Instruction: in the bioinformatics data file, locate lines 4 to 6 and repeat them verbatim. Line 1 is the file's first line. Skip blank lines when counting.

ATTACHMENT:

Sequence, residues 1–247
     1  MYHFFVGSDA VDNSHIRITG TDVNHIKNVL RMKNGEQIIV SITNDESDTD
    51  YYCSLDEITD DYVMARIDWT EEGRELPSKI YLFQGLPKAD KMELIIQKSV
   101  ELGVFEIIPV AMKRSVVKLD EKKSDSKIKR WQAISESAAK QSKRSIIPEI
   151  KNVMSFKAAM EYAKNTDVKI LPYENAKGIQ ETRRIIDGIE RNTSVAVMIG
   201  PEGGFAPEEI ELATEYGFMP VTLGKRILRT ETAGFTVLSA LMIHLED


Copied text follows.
   101  ELGVFEIIPV AMKRSVVKLD EKKSDSKIKR WQAISESAAK QSKRSIIPEI
   151  KNVMSFKAAM EYAKNTDVKI LPYENAKGIQ ETRRIIDGIE RNTSVAVMIG
   201  PEGGFAPEEI ELATEYGFMP VTLGKRILRT ETAGFTVLSA LMIHLED